Read More

September 18, 2015

Grimes Horticulture And Seeds By Design Form Partnershi…

The new alliance will allow the two companies to take advantage of each of their strengths in breeding and marketing of new vegetable varieties for greenhouse growers and farm marketers.

Read More

August 4, 2015

New 2015 California Spring Trial Edibles For The Patio …

If you are looking to capitalize on the foodie trend and spread your risk beyond Spring sales, new vegetables showcased at 2015 California Spring Trials offer plenty of opportunities to focus on unique, flavorful vegetables and edible plants that also hold ornamental value. Here are a few of new varieties Editor Laura Drotleff and Group Editor Carol Miller discovered at Spring Trials that will help diversify your crop mix.

Read More

April 20, 2015

Three Michigan State University On-Demand Webinars Offe…

The first rule of effective insect and disease control for vegetables is to take action to prevent problems before they occur. But in order to do that, you need to have an effective pest and disease management strategy in place that incorporates best practices to ensure a successful outcome. Michigan State University offers three pest and disease management on-demand webinars that will get you started and keep you on the right track.

Read More

April 16, 2015

American Takii’s Asian Vegetable Line Is Designed…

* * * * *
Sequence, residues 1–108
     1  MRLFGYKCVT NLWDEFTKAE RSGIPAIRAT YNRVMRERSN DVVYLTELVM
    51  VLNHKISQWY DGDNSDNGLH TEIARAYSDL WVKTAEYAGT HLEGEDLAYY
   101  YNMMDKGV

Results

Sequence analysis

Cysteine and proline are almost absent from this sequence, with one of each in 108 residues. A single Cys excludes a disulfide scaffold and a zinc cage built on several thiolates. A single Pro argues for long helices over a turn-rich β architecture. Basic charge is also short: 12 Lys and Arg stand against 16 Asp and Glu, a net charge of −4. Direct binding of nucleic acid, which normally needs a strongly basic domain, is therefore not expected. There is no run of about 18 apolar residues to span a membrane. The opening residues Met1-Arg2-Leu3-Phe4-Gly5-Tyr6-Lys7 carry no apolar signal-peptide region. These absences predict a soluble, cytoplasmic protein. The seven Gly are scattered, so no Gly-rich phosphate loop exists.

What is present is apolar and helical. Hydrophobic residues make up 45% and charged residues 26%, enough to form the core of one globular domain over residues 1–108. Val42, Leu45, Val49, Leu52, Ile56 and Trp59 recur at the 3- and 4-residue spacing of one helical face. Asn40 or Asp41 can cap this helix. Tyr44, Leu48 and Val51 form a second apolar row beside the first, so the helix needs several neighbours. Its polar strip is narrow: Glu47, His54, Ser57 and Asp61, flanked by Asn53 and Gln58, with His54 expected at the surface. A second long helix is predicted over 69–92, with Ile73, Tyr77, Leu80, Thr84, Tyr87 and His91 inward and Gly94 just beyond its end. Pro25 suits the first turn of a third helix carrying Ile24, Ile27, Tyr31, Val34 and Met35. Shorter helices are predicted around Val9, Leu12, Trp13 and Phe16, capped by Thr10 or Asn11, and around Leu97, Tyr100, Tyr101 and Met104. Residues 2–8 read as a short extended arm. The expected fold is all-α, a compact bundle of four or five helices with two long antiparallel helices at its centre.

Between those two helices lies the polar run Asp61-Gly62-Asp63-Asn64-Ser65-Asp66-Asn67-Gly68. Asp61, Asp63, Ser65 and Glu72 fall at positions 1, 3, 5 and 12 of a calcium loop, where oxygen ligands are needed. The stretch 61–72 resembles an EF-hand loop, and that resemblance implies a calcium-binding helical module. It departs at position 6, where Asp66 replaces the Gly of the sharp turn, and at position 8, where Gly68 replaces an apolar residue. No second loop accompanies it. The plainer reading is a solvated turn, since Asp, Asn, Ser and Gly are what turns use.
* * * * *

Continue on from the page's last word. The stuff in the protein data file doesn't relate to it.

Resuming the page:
Unlike many of the other breeders displaying at Spring Trials, American Takii didn’t have many new introductions. But it did have a new program that has prompted many visitors to post to social media — its Asian vegetables. Takii, which is well known for its vegetable breeding, is in the process of vetting the eight to 12 vegetables it will include in the program, and it should have its list fully complete by fall 2015. It is selecting plants that will be easy to use in Asian cooking and will help it stand out from the many vegetable programs in the ornamental market. The Takii marketing team designed bright-red Chinese food takeout containers to act as plant sleeves and a small booklet with five recipes. Honey Chicken With Pak Choy looked especially tasty. Take a look at how the program looks and let us know what you think.       HilverdaKooij is a […]

Read More
Zucchini 'Brice' (Syngenta Vegetables)

April 14, 2015

18 New Vegetables For Easy Growing And Healthy Eating

Current breeding efforts have focused on vegetable varieties that cater to small space and urban gardening trends and offer consumers good performance with minimal efforts. As a result, new, easy care vegetable introductions packed with flavor and loaded with fruits have swept onto the market. Here are 18 of the newest vegetables already on the market or hitting the market in 2016.

Read More

April 13, 2015

Keeping Your Greenhouse Vegetables And Fruits Safe: Ove…

This is the first installment of a four-part series that will bring you up to speed on what it takes to fulfill food safety mandates for greenhouse production.